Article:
Your Flu Shot May Also Help Your Heart
Study found one-third lower risk of problems including heart attacks in vaccinated people
WebMD News Archive
The researchers found that those who received an influenza vaccine were 36 percent less likely to have a heart event than those who hadn't had a vaccine.
When the researchers looked at just the three trials that included people with recent heart disease, they found an even greater potential protective effect. People with recent heart problems who got the flu vaccine were 55 percent less likely to have another event compared to those who didn't get the vaccine.
The risk of dying from cardiovascular disease was nearly 20 percent lower for those who received the flu vaccine versus those who hadn't, according to the study.
Udell said this study wasn't designed to prove that influenza vaccine can lower heart disease risk, but he said that the researchers believe they've come close to proving cause and effect without conducting a clinical trial specifically designed to look for a protective effect from the flu vaccine.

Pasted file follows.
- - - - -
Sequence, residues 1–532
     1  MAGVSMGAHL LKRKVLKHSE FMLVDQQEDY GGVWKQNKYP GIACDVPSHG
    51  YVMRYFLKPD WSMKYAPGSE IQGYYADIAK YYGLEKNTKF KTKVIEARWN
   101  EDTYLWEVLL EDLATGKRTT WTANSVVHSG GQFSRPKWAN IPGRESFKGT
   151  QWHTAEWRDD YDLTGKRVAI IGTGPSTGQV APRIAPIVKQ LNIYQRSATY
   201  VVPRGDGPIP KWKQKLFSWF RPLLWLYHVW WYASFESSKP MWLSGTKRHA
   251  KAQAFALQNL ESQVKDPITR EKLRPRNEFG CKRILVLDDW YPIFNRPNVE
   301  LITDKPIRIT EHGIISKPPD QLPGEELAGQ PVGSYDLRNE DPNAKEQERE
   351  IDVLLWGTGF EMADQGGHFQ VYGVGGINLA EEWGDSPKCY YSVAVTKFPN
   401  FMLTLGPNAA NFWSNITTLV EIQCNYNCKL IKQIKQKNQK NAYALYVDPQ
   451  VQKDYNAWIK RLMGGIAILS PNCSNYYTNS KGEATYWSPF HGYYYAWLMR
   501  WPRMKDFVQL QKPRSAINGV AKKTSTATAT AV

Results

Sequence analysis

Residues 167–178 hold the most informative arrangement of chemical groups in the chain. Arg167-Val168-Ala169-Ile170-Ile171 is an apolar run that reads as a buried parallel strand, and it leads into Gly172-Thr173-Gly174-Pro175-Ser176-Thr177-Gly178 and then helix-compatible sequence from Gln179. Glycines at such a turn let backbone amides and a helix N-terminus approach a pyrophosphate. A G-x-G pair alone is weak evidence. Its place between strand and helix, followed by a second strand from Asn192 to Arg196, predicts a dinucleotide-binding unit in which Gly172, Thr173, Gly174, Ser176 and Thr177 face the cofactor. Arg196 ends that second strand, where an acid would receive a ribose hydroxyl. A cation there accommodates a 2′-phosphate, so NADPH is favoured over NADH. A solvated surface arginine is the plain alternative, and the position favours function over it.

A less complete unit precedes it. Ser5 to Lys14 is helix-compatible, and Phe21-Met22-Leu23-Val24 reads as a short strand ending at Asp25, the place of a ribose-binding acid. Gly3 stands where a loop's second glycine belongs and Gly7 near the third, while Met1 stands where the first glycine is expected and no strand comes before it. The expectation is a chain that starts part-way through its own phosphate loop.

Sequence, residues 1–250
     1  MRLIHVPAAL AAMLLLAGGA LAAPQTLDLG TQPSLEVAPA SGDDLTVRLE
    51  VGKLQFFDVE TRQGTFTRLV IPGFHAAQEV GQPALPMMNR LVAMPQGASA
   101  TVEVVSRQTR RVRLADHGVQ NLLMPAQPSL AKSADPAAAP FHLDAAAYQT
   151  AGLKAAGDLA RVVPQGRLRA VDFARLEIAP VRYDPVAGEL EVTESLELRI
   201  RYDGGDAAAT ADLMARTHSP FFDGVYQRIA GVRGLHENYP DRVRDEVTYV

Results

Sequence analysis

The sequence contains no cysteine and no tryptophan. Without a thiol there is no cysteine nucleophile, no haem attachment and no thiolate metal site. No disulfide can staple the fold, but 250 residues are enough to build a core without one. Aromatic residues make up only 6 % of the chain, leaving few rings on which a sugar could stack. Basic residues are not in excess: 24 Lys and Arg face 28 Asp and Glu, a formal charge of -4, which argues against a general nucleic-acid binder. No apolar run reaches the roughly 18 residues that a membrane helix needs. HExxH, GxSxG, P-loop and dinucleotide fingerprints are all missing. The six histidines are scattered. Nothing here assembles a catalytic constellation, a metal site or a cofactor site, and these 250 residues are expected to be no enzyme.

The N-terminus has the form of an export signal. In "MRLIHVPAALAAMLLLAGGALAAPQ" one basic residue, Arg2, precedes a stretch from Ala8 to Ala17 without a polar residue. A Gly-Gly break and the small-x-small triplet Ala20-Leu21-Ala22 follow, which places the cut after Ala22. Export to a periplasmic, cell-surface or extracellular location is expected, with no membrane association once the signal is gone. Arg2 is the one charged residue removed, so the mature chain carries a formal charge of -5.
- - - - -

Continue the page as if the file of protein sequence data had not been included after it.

"We would like to do a randomized clinical trial so that a skeptical public can put the issue to rest," Udell said.
The researchers believe that the vaccine protects against heart disease by preventing influenza and its accompanying inflammation. "When you get the flu, the body mounts an inflammatory response. Those aches and pains you feel with the flu are part of the immune response. That inflammation may trigger plaques in the arteries to erupt," Udell explained.
Dr. Suzanne Steinbaum, a preventive cardiologist at Lenox Hill Hospital, in New York City, agreed that preventing the inflammation associated with the flu is the likely reason that getting a flu vaccine reduces the risk of heart problems.
"People always ask me what they can do for themselves. I say get a flu shot; it will protect your heart, too. This study provides a compelling argument for getting the shot," Steinbaum said.